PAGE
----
If you have ever been pulled over or gotten a speeding ticket, there is a pretty good chance that you doubted that you were going as fast as they may have said that you did. One thing that contributes to uncertainty when it comes to knowing your speed when driving is the engine speed sensor. The engine speed sensor sends information to the car’s computer regarding how fast the car’s engine is spinning; it sends this information by constantly recording how fast your vehicle’s crankshaft is spinning, giving you a reading on your speedometer as well. A speed sensor beginning to go bad can be the source of a wide variety of strange issues in your car and when you notice any of them it’s important to have your car looked at immediately. These speed sensors have a tendency to go bad or faulty and these are just a few indications to look for that something is going wrong.
- Improper Shifting– Without a good signal from the speed sensors, the PCM won’t be able to control the gears shifting in the transmission correctly. This can cause the transmission to shift faster than usual and a problem with the speed sensors can also impact the timing between shifts, making it take longer between shifts as well. In an automatic transmission it is hydraulically controlled so when a transmission begins to have harsher or harder shifts, it can start to damage these components and things like the valve bodies and hydraulic lines.
- Your Check Engine Light Turns On/Off– If something is wrong with the communication from the speed sensor to the car’s computer or there is no communication at all, it’s possible that the check engine light will turn on each time you accelerate. Every driver knows the stress the check engine light can bring so one that is intermittently turning on and off can be a particularly bad headache though it is often just a symptom of a bad speed sensor.
- Your Speedometer Is Erratic or Does Not Work At All– Since the speed sensor delivers the information about how fast the car’s engine is spinning to the speedometer, a speedometer that is not working at all or is giving you constantly varying readings and results that you know are improbable, it is likely an issue in the speed sensor. Whether it’s not properly determining the rate the engine is spinning or it is becoming faulty or worn down and is in need of replacing, it is important that you have your vehicle looked at immediately as knowing your speed and having proper and correct readings while out on the road is extremely important for your safety and the safety of other drivers.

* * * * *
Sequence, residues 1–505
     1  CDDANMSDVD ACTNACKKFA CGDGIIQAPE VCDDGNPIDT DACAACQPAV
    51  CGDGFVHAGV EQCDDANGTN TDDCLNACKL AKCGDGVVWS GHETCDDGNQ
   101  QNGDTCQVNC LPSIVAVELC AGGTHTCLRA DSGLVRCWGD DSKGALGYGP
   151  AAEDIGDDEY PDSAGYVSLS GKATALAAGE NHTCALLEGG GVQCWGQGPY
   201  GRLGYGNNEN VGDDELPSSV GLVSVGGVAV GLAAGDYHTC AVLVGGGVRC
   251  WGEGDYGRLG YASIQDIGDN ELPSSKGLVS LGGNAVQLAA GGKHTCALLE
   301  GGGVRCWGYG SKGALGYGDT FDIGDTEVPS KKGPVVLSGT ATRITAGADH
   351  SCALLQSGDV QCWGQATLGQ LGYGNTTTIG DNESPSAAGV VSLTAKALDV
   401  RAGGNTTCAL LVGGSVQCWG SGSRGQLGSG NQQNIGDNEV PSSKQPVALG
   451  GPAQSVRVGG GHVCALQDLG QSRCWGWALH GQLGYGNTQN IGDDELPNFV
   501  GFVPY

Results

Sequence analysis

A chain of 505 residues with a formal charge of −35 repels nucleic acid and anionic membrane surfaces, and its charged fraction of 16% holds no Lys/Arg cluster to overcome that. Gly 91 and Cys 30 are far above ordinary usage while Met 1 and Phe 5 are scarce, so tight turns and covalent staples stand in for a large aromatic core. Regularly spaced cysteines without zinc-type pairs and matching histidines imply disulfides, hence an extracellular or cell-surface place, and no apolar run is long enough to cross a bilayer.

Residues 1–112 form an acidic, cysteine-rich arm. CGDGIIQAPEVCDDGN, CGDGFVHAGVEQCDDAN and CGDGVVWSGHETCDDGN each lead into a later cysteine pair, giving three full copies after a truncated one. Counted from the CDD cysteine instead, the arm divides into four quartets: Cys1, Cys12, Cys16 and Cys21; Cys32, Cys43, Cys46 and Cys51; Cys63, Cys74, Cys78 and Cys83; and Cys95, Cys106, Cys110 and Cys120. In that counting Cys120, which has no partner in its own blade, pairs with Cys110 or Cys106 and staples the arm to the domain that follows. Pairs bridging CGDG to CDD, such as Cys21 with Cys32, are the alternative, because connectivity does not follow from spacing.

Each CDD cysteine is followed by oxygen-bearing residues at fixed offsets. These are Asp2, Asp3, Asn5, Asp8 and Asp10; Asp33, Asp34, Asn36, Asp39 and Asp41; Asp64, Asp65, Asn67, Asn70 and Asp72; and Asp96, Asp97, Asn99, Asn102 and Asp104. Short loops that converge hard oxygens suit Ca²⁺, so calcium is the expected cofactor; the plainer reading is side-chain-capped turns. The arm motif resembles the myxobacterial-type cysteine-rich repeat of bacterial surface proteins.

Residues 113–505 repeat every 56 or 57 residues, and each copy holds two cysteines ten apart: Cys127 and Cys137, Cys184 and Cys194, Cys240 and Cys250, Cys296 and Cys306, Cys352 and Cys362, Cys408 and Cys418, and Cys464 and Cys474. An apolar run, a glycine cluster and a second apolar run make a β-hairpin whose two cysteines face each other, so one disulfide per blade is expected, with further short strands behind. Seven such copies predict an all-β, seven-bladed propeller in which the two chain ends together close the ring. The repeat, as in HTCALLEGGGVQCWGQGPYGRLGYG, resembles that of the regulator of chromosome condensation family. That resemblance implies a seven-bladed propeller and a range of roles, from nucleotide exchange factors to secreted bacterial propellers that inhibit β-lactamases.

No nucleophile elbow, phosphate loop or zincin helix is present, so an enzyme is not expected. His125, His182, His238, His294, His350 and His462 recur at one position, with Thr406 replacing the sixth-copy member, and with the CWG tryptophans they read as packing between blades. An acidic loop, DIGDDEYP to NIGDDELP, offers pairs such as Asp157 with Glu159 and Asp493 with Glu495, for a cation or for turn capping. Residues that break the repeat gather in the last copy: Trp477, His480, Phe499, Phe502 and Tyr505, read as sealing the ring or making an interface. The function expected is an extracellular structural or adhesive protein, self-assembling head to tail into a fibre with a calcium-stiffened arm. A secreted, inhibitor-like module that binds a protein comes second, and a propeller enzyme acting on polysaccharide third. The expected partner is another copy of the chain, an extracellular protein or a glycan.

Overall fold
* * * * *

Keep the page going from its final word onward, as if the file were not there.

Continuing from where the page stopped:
- The Brakes are Harder than Normal When Just Coasting– When you aren’t accelerating at all, your brakes should be smooth and easy to pump and apply. In the event that your speed sensor is going bad or has failed, there will be no communication of engine spinning to the computer in your vehicle and in turn, even when not accelerating and just coasting, your brakes will be much harder to apply and will feel stiffer. Any trouble applying the brakes is not to be taken lightly and you should seek the help of a professional and certified mechanic to determine the issue.
Often times the transmission is a popular scapegoat for these issues among others but before you visit an expensive transmission specialist, you should take your car in for a complete diagnostic test to truly determine the cause of the issues you are having or are noticing in your car. Finding a shop with full factory level diagnostic equipment will not only ensure a more accurate reading for your car but will also make sure that you get the same level of service you would at a dealership but without the high costs or extended wait times that come from the over crowded dealer mechanics.
So the next time you get pulled over and you think you may not have been speeding, take your vehicle in to have the speed sensor checked. While it probably won’t help you get out a ticket or fight the ticket should you dispute it, a properly working speed sensor will help you ensure that you won’t have any more coming in your future.
Keeping your engine cool is a vital part of preserving your vehicle’s health and performance and will help you avoid massive damages to your car’s internal systems. In the engine the oil pump not only helps to cool the engine but it will circulate the engine’s oil, lubricating all of the bearings and allowing the engine to function properly. Should your oil pump suddenly fail one day while out driving, it can be extremely dangerous to both you and other drivers, making staying on top of routine maintenance and service very important. There are many signs to look for as well that indicate that your oil pump may be beginning to fail and knowing what to recognize will go a long way to having the issue repaired before it becomes too serious. These are just a few of the most common signs that your oil pump is in need of service or replacement.
Oil pump failure symptoms
- Your Oil Pressure Will Decrease– Since the oil pump is responsible for regulating oil pressure, should it begin to go bad or improperly oil the components in the engine, you may notice the oil light turn on, other symptoms of oil pressure decreasing will be a decrease in power, your engine will run much hotter and there is a good chance your vehicle will begin stalling out much more often.